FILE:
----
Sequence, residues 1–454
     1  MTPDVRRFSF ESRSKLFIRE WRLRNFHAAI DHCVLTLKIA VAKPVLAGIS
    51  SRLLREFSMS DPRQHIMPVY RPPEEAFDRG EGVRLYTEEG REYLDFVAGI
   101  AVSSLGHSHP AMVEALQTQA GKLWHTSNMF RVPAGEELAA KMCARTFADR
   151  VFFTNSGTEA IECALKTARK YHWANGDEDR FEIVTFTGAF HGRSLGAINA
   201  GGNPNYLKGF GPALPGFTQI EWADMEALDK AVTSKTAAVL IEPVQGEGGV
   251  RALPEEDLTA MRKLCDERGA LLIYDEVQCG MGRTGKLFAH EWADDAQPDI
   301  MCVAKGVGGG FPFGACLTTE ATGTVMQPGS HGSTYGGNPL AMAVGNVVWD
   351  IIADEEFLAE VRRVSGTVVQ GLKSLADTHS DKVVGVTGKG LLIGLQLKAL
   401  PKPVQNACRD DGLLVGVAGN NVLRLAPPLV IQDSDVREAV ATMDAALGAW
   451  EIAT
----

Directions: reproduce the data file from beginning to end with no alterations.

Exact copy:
Sequence, residues 1–454
     1  MTPDVRRFSF ESRSKLFIRE WRLRNFHAAI DHCVLTLKIA VAKPVLAGIS
    51  SRLLREFSMS DPRQHIMPVY RPPEEAFDRG EGVRLYTEEG REYLDFVAGI
   101  AVSSLGHSHP AMVEALQTQA GKLWHTSNMF RVPAGEELAA KMCARTFADR
   151  VFFTNSGTEA IECALKTARK YHWANGDEDR FEIVTFTGAF HGRSLGAINA
   201  GGNPNYLKGF GPALPGFTQI EWADMEALDK AVTSKTAAVL IEPVQGEGGV
   251  RALPEEDLTA MRKLCDERGA LLIYDEVQCG MGRTGKLFAH EWADDAQPDI
   301  MCVAKGVGGG FPFGACLTTE ATGTVMQPGS HGSTYGGNPL AMAVGNVVWD
   351  IIADEEFLAE VRRVSGTVVQ GLKSLADTHS DKVVGVTGKG LLIGLQLKAL
   401  PKPVQNACRD DGLLVGVAGN NVLRLAPPLV IQDSDVREAV ATMDAALGAW
   451  EIAT